Families’ frantic search for housing after Navan apartment fire drama

With up to 100 people homeless this week due to the fire at Navan's Academy Square and just three homes for rent in the entire County on Daft.ie this week, Meath County Council is facing a major homelessness crisis.

The fire which swept through the basement car park of Academy Square on Bank Holiday Monday has resulted in 34 apartments being evacuated and residents have been told it could be at least six months before they can return.

The search for accommodation for the families and individuals affected combined with the already serious homelessness problem in the county has led to calls on Meath County Council to up their supply of emergency accommodation and modular homes.

Many of the residents of the 35 apartments are now homeless, some have been offered temporary accommodation in Bettystown and Drogheda while others were offered temporary accommodation in camp-beds in the Navan Enterprise Centre.

The fire broke out in the basement floor of the apartment complex on Bank Monday evening and while nobody was injured, services including water and electricity are no longer connected to 34 homes. The cause of the fire is being investigated by An Garda Siochana, who are treating the incident as “suspected criminal damage” following a technical examination.

Gardai say they have identified a number of suspects from CCTV and are following a definite line of enquiry. They are appealing to any person who may have been in the area between 6pm and 7pm on Monday and observed any unusual activity.

Finding alternative housing at very short notice is proving extremely difficult for both residents and Meath County Council who met with residents in the Newgrange hotel on Tuesday to provide assistance.

A spokesperson for Meath County Council said its Department has worked to assist the Management Company and affected residents, including the provision of emergency accommodation where appropriate.

A spokesperson for the management company, Oriel Property Management confirmed that 34 properties had to be evacuated.

He said that they already had contractors onsite to carry out a number of emergency measures and they were dealing with insurers, tenants, home owners, Meath County Council, the fire services and gardai.

Loss adjusters have been meeting and they are engaging with all the relevant authorities.

"It has been horrendous. It is such a large loss and a huge amount of damage and it is likely to be a minimum of six months before the residents can move in again," he said.

Cllr Alan Lawes said Meath County Council had offered temporary accommodation to some of the residents in Bettystown and Drogheda.

"There are only three properties for rent in Meath on Daft.ie today," he said speaking on Monday.

"The huge numbers affected by the Academy Square fire on top of the numbers that are coming into homelessness all the time for other reasons is going to put a huge strain on Meath County Council's emergency accommodation.

"The council needs more beds around Navan, as the town is a transport hub and people will be able to get to it. Sending people from Navan to Bettystown or Drogheda means they cannot get to work," he said.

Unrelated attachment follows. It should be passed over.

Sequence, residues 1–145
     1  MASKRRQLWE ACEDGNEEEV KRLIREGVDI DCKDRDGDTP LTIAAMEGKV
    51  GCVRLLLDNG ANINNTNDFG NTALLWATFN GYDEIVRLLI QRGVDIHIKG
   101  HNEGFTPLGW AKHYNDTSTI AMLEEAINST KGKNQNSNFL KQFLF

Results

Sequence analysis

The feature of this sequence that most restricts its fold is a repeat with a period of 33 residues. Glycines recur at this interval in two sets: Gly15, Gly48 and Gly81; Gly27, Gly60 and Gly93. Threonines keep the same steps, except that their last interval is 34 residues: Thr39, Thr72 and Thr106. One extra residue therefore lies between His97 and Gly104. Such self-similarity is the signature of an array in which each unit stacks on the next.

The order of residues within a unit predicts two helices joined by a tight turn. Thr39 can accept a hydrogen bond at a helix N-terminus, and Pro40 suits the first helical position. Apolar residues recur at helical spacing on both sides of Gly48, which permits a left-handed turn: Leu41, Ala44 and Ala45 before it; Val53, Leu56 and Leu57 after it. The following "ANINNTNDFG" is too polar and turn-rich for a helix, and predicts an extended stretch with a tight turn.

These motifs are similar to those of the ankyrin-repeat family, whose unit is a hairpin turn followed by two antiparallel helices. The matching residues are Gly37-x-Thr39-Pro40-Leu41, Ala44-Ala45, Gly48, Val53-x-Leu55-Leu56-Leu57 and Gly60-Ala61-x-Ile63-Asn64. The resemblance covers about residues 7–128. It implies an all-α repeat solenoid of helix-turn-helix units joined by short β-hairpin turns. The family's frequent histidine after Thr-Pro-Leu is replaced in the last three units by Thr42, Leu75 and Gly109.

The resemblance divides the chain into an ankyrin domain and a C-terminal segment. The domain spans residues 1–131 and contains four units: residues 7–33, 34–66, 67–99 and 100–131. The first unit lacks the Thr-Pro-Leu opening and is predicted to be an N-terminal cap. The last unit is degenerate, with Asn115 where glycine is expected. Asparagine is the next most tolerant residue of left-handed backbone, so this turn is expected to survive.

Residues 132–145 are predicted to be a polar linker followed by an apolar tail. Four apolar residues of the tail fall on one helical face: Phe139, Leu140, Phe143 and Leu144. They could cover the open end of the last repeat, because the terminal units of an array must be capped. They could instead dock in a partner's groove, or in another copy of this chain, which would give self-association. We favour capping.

Cllr Lawes pointed out that the former Randal house in Navan had been made available for emergency housing as a site for modular homes and asked why the council hadn't availed of the opportunity.

Cllr Emer Tóibín met with many of the residents outside the damaged apartment blocks and in the Newgrange Hotel where MCC housing staff provided advice and local housing options to many of the affected residents.

"To date, what has been offered to residents by the Council is a camp-bed in an industrial building" she said.

''For the 100 or so affected individuals and families, this is a very anxious and worrying time. Some tenants literally moved in last week to the area and now literally have no where to go. They thought they were so lucky to secure their apartment and now they face the whole fraught process again. They do not have friends or family locally or even in the country. They are totally dependent on the Council to provide emergency accommodation. Even at that, we know from working in the area of this ongoing housing crisis, there is hardly any available emergency accommodation available in the county. People can't get to their jobs because they literally do not know where they will be sleeping this night or the night after. It is an awfully difficult and trying time for so many''

''I would beseech Oriel Management Company to communicate as much information about process timelines to the apartment residents so everyone can make the best plans for themselves and their children. This situation is hugely difficult and uncertain for all concerned. How it is handled by the powers that be will certainly have a huge bearing on the outcomes for all concerned,” she said.

The Mayor of Navan, Cllr Eddie Fennessy said: “Electricity infrastructure was damaged considerably by the fire and 30 apartments had to be evacuated, the consequences of which has left up to 100 people homeless.

"I commend Meath Co Council's Homeless Settlement team for engaging with the residents first thing on Tuesday morning.

“Emergency accommodation was offered which was a huge relief to the affected residents. This incident couldn't have happened at a worse time.

“Emergency homeless services in Meath has operated at capacity for quite some time and the local private rental sector doesn't have much to offer those who might have to seek replacement accommodation," he said.